Gradually reducing the three major differences is one of the conditions to be created in which it is impossible for a new bourgeoisie to arise. The opposition between workers and peasants, between town and country and between mental and manual labour was the result of thousands of years of private ownership and an indispensable condition by which the reactionary ruling classes oppressed and exploited the labouring people and consolidated and developed private economy. Compared with the state of opposition between town and country in the old society, these differences have been greatly reduced in socialist society as a result of the conversion of private ownership of the means of production to public ownership. This notwithstanding, it is still an objective fact that industry is more advanced than agriculture, the cities are more modernized than the countryside and mental workers are in a better position than manual workers. Moreover, the ideology of bourgeois right which reflects these three major differences still corrodes people’s minds. Some people attach importance to industry while disdaining agriculture, others are so enamoured with city life that they are unwilling to go to the countryside, still others regard themselves head and shoulders above others and despise physical labour and the labouring people once they acquire cultural and technical knowledge, thinking they are entitled to some special position and treatment. All these are nothing but manifestations of the influence of the ideology of bourgeois right.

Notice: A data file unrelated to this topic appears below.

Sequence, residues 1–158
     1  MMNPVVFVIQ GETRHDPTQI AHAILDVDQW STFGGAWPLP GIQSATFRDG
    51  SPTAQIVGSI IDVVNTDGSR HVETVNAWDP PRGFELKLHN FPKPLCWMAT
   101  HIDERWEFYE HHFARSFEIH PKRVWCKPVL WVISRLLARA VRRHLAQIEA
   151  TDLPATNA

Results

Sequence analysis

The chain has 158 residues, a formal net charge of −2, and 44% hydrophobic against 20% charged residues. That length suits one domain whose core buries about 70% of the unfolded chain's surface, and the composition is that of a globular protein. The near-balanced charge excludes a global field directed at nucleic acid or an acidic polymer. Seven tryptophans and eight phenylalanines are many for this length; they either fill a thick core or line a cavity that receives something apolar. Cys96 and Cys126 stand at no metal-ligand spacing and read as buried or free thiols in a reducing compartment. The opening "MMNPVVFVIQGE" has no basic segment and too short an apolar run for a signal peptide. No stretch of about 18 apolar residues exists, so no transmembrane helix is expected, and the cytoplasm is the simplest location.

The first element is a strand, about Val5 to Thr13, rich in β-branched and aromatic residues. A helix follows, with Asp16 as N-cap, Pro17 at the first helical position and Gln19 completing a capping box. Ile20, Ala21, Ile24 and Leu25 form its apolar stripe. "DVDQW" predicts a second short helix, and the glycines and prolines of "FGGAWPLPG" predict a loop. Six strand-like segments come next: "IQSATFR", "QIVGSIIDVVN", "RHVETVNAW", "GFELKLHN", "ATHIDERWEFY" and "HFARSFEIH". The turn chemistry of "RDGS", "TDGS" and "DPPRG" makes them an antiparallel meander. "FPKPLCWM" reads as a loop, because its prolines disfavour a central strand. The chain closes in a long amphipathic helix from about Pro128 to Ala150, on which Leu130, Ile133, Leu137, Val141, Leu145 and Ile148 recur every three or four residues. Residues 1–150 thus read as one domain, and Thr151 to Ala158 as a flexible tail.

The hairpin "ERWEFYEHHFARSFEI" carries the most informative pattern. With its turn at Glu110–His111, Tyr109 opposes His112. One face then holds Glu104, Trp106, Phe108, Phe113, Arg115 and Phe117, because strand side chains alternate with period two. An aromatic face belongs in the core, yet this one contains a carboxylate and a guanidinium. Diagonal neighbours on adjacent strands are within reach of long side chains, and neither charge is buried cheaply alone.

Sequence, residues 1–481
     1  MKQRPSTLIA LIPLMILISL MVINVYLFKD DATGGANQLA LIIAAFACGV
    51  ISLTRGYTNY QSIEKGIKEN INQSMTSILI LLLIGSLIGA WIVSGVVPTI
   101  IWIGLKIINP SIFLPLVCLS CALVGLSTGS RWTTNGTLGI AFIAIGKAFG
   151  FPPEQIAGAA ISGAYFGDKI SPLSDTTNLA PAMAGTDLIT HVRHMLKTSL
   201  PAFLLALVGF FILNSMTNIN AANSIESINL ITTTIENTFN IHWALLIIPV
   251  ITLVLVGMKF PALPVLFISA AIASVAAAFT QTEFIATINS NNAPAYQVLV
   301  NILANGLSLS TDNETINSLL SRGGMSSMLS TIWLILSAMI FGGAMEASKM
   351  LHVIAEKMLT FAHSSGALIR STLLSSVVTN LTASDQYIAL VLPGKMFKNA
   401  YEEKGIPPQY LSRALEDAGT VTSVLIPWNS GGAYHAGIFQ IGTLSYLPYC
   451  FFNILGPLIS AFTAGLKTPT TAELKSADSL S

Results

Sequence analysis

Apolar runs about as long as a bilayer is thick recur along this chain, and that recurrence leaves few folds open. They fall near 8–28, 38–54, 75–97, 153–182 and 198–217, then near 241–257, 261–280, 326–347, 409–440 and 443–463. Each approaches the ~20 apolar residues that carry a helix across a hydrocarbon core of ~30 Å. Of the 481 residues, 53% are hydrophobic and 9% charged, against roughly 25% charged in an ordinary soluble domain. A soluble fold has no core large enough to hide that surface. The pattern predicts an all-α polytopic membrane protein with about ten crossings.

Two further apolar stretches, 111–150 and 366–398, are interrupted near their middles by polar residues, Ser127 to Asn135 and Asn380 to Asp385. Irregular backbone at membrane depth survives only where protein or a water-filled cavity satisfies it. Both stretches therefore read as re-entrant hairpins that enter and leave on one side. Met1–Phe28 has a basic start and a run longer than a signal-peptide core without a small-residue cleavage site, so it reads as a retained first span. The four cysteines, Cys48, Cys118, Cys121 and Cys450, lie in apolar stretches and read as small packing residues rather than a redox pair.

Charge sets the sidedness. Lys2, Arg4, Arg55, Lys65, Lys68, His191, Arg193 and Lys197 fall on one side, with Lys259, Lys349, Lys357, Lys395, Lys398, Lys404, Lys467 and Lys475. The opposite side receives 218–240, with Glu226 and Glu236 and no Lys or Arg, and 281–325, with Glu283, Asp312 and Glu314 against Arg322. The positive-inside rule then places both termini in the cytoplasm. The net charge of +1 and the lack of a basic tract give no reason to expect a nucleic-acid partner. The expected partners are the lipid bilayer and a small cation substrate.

An important task in continuing the revolution under the dictatorship of the proletariat is to gradually reduce the differences between workers and peasants, between town and country and between mental and manual labour until their final elimination. Chairman Mao and the Party Central Committee have issued the call that the whole Party should go in for agriculture and that industry and all other trades should give substantial support to agriculture so as to gradually bring about its modernization; they have also called on the vast numbers of cadres, workers, peasants, commercial workers, students and soldiers, to take the May 7th road, urged the cadres to take part in collective productive labour and the educated young people to settle in the rural areas, and initiated the socialist revolution in the spheres of education, health and literature and art so that working people can master intellectual work and intellectuals can integrate with the working people. These are revolutionary measures taken to gradually reduce the three major differences. The fulfilment of this task requires arduous efforts for a long time to come. If these differences are not reduced but extended without limit, the worker-peasant alliance will inevitably be undermined, town and country will be seriously opposed to each other, the working class will lose its reliable ally, and a handful of bourgeois intellectual aristocrats will be engendered monopolizing the cultural, educational and other undertakings in society whereby they proceed to look for economic and political privileges. This will then be followed by a recurrence of the bygone situation when industry exploited agriculture, cities plundered the countryside and mental workers ruled over manual workers. If we do not look at the problem in this way, we are liable to commit Right deviationist errors. However, it should be noted that the three major differences can only be eliminated step by step, which requires a process taking a long period of time and calls for the creation of material and ideological conditions; it is impossible to try to solve this problem all at once. Attention shiould be paid to guarding against such sentiments which are divorced from reality.